• COVA – Priority improvement
  • Hope Online – Priority improvement
  • GOAL – Priority improvement
  • Colorado Connections – Improvement

Get more information on Colorado online schools here.

BEST finalists jump another hurdle

The state board approved the recommended list of 2013-14 grants from the Building Excellent Schools Today construction program.

BEST program illustration
Illustration courtesy Capital Construction Assistance Division

The grants include $98.6 million in total costs for six large projects that are to be financed by lease-purchase agreements. Those include $64.1 million in state funds and $30.5 million in local matches, and the projects include new PK-12 or K-12 schools in six small districts: Creede, Kim, Limon, Moffat 2, Haxtun and South Conejos.

Also approved were two alternate projects worth $47.6 million for a new middle school in Fort Morgan and a new building for the Ross Montessori Charter in Carbondale. Either or both of those projects will be considered funding in November if any of the finalists forfeit their state grants because bond issue elections fail and those districts therefore don’t raise their local matches.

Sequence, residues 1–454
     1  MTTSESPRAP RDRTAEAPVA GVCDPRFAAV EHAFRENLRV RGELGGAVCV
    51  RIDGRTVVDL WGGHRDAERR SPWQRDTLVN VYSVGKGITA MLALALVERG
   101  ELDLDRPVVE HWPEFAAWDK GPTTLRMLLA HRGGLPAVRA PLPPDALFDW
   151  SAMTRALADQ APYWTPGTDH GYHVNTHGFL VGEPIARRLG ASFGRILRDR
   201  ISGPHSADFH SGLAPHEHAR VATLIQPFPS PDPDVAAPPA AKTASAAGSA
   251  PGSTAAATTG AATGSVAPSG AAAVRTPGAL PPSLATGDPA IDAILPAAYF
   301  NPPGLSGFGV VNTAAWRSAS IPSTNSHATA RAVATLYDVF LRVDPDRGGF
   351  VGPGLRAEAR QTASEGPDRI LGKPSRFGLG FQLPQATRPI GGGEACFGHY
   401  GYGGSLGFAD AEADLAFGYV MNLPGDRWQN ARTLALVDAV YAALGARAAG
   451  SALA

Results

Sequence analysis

The board also approved $15.7 million in 24 cash-grant projects that will be used for roof replacements, new boilers, security upgrades and similar renovations. That group includes $9 million in state funds and $6.6 million in local matches.

The two lists were submitted to the board by the state Capital Construction Assistance Board. The lease-purchase projects are subject to final review June 19 by the legislative Capital Development Committee.

See the full lists and descriptions of lease-purchase projects here and the cash projects here.

Counselor Corps, literacy grants awarded

In other action Wednesday, the board approved $464,000 in grants to 14 districts and schools from the Colorado Counselor Corps program.